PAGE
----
Queen Anne's County Observation-Well Network
The Queen Anne's County water-level network is one of three county observation-well networks maintained by MGS and funded through county cooperative agreements. Other counties include Anne Arundel and Charles counties.
The primary objective of these networks is to monitor the effects of water-supply withdrawals on groundwater levels at both a local (well field) and regional scale. More specifically the water-level data are used to help assess (1) long-term sustainability of the water supply; (2) well interference (drawdown at each well in a multiple-well system added to drawdowns at the other wells); (3) potential for increased development of the aquifers; (4) potential for salt-water intrusion, where applicable; and (5) the role of ground-water extraction in land subsidence.
The Queen Anne's County observation-well network is currently funded through a cooperative agreement between Maryland Geological Survey and Queen Anne's County Department of Public Works. The network consists of 27 wells located mainly in the western (Kent Island) portion of the County. Aquifers monitored include the Surficial (Columbia) (2 wells), Aquia (17 wells), Magothy (1 well), Upper Patapsco (3 wells), Lower Patapsco (3 wells), and Patuxent (1 well). Frequency of measurement ranges from 12 times a year to semiannual (spring and fall).
Current Water Level Trends
Water levels were measured in two wells in this aquifer (at Barclay and Grasonville). Water levels fluctuate seasonally up to approximately five feet. Current water levels range from 67.41 ft above sea level at Barclay (QA Cg 69) to 17.78 ft above sea level at Grasonville (QA Ec 1). Water-level trends are continuing to increase at Barclay while remaining flat at Grasonville.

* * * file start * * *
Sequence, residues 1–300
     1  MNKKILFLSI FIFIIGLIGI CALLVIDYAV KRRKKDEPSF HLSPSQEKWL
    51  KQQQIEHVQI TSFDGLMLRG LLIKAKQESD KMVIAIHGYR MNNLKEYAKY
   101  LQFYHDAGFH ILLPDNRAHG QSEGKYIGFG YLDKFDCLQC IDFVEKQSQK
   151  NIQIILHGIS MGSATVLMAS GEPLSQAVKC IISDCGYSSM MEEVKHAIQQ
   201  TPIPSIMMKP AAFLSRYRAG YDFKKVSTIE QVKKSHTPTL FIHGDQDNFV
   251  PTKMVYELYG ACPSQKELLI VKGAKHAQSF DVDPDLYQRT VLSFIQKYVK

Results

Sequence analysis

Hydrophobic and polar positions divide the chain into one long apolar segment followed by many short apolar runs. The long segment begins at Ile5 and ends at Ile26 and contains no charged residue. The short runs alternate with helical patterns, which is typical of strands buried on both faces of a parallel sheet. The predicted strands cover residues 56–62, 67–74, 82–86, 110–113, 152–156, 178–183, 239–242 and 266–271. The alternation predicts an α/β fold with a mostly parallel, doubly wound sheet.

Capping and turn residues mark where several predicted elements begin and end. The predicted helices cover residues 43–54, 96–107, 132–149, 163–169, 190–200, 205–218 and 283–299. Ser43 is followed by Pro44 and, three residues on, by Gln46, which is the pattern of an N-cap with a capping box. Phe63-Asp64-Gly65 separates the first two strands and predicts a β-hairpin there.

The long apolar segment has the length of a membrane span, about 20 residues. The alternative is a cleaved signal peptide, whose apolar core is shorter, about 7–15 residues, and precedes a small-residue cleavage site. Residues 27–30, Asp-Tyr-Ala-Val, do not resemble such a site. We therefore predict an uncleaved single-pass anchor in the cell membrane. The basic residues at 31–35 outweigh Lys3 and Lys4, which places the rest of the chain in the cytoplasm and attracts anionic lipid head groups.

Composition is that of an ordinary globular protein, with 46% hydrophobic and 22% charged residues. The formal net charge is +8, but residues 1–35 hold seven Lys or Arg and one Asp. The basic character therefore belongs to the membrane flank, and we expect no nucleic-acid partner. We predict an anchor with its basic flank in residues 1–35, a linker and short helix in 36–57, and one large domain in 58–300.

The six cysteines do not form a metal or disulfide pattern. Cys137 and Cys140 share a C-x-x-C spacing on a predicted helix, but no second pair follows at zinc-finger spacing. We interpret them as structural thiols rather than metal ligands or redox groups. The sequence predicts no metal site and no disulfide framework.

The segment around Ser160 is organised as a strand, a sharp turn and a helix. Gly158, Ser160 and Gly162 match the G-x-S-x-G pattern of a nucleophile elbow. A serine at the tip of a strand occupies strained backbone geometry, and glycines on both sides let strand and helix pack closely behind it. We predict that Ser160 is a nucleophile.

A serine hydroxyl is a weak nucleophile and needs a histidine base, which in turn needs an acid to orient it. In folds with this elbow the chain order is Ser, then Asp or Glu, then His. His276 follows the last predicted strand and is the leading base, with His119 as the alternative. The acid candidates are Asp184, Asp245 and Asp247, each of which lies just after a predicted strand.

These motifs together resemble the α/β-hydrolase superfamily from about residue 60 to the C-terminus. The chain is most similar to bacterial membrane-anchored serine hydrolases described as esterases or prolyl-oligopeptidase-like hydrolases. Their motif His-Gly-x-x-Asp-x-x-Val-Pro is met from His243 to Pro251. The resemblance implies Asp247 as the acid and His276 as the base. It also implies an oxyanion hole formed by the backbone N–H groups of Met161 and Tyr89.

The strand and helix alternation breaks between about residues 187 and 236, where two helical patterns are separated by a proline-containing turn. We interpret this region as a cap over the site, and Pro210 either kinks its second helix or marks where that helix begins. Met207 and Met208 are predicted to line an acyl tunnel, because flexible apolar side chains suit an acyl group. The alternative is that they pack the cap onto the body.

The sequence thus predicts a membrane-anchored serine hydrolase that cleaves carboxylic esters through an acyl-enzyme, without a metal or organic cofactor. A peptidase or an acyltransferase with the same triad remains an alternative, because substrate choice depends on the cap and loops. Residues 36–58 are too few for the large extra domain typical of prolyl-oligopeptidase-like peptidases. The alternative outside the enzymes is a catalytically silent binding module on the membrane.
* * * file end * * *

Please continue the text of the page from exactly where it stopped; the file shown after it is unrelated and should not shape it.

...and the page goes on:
Water levels were measured in seventeen wells in this aquifer, thirteen of which are located on Kent Island. Most wells show less than 2 feet of seasonal variation, with the lower water levels recorded in late summer and higher water levels in spring. Current water levels range from 16.91 ft above sea level at Kingstown (QA Be 17) to 9.87 ft below sea level at Centreville (QA De 27). Water levels at Centerville fluctuate by as much as 25 feet seasonally likely as a result of regional irrigation withdrawals. Overall, long-term trends in this aquifer are increasing.
Water levels were measured in one well in the Magothy aquifer (Natural Resources Academy in Matapeake [QA Ea 27]). The most recent water level was 20.58 ft below sea level. Prior to 2014, water levels declined at the rate of about 1 ft per year (ft/yr). Since then, water levels have stabilized
Upper Patapsco aquifer
Water levels were measured in three wells completed in this aquifer. Current water levels range from about 17.16 ft below sea level at Kingstown (QA Be 16) to about 24.53 ft below sea level at QA Ef 29 (Tuckahoe State Park). All three wells show steady water-level declines of about 1 ft/yr over the past 10 years, likely reflecting regional pumping effects in Anne Arundel, Queen Anne’s and Talbot (Easton) counties.
Lower Patapsco aquifer
Water levels were measured in three wells completed in this aquifer. Current water levels range from about 7.88 ft below sea level at Kingstown (QA Be 15) to about 41.55 ft below sea level at Stevensville (QA Eb 182). Two of the wells, located at Kingstown (QA Be 15) and Chester (QA Eb 112) continue to show a decline rate of about 1 ft/yr. The water level trend at Stevensville (QA Eb 182) is relatively flat; however, the well is likely affected by local withdrawals, making an assessment of trends difficult.
Water levels were measured in one well in the Patuxent aquifer at Chester (QA Eb 110). Current water level was about 11.86 ft below sea level. Beginning in 2018, water-level declines have slowed down and began to stabilize. The steep decline starting in 2012 was a result of withdrawals from the Arnold well field in Anne Arundel County.